It’s a trade most Braves fans seem to be fond of. Sale’s injury history is a concern, but Boston is paying most of his 2024 salary and the rest of the money is deferred. Plus, the Braves have a club option they can exercise on Sale if things go well that would pay him $20 million. Not a bad price at all if he can stay healthy.
However, the acquisition of Sale doesn’t ease the concerns in regards to the future of the Braves rotation. Charlie Morton is on his last leg, and Sale could be out the door with him at the end of the year. But even more importantly, Max Fried is set to become a free agent, and Ken Rosenthal doesn’t believe the Braves will make a serious run at retaining him.
“Fried, in my opinion, is almost certain to leave as a free agent,” Rosenthal said on Foul Territory. “He’s going to be priced out of where the Braves want to be.”
Based on the past, I don’t think anyone can disagree with the sentiment laid out here by Rosenthal. The Braves let one of their best players in franchise history walk over an extra year. The following offseason, they didn’t even make a competitive offer for Dansby Swanson, who signed a $177 million contract with the Cubs. Even further, the Braves have never spent more than $75.25 million on a free agent, which came back in 2012 when the club signed B.J. Upton.
With that being said, this isn’t the same Braves franchise we’ve seen in the past in terms of spending. Their luxury tax payroll going into 2024 is already at $275 million and has continued to rise year over year. Next year, that number is all the way down to $166 million. That’s a lot of cash to play with, but there will also be several holes to fill.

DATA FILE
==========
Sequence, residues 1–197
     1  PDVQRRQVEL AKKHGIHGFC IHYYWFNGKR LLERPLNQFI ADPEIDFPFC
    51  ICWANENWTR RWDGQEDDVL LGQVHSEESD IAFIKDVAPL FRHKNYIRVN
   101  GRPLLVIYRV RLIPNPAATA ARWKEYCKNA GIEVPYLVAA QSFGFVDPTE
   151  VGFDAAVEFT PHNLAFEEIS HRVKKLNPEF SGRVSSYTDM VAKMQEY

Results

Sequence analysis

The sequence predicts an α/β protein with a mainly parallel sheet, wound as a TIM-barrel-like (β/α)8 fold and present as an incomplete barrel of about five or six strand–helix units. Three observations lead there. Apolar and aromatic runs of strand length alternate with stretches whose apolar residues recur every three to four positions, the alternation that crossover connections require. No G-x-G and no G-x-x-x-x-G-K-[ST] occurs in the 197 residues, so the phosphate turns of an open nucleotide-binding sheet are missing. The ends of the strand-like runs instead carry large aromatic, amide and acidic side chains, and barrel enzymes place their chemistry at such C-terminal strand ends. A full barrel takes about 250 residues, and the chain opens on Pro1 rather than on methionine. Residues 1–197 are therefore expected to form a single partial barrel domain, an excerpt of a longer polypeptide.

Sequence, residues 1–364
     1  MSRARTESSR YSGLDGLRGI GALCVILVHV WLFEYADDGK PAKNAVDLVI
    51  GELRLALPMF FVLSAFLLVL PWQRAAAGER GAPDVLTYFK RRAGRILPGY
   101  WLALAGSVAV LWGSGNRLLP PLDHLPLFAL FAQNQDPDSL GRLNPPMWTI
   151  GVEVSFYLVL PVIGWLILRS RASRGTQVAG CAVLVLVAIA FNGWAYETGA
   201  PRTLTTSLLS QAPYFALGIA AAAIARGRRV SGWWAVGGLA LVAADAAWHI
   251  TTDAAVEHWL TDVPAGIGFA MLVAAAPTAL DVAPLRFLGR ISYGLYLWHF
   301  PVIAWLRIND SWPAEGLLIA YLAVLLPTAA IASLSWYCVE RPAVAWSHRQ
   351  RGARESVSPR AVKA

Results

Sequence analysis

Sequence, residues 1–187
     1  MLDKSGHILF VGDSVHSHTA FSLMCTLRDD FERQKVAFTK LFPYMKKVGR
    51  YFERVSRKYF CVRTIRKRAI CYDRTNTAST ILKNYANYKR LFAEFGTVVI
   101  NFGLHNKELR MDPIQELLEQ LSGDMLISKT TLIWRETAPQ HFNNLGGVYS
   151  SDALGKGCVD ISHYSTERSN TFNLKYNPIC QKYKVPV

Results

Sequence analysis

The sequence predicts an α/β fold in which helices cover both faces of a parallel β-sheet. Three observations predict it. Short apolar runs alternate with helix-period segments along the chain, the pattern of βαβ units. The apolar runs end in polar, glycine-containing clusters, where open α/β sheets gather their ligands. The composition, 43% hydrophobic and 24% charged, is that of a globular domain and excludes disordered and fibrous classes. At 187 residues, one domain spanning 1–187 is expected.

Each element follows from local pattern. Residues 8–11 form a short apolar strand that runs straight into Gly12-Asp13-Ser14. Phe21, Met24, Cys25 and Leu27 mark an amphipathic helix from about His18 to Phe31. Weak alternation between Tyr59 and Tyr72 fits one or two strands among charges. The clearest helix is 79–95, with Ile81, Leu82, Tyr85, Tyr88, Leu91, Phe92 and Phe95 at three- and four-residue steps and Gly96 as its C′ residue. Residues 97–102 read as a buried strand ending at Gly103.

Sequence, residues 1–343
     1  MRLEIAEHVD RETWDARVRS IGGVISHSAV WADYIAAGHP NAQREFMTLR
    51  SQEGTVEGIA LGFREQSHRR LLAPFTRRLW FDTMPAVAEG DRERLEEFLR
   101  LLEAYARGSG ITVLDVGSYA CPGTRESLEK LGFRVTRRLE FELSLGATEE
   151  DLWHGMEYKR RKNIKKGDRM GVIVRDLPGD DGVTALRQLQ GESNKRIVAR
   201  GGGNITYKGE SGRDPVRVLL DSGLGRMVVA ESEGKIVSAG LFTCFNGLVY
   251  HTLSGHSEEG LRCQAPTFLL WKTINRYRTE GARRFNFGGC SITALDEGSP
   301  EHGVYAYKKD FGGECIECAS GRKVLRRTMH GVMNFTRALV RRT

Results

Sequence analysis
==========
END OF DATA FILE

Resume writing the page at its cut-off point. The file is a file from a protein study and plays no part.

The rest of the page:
We also know the Braves went hard after Aaron Nola this offseason, forcing the Phillies to up their offer to seven years, $172 million. If they were willing to spend that kind of dough on Nola, why wouldn’t they be in the market for one of their own in Fried?
I’m not nearly as certain as Rosenthal that Max Fried already has one foot out the door. The Braves will have gobs of cash to spend and a desperate need for another frontline starter. However, ignoring the past would be foolish. The Braves don’t pay sticker price for anything, and if Max Fried hits the open market, that will likely be the only way they can retain him.
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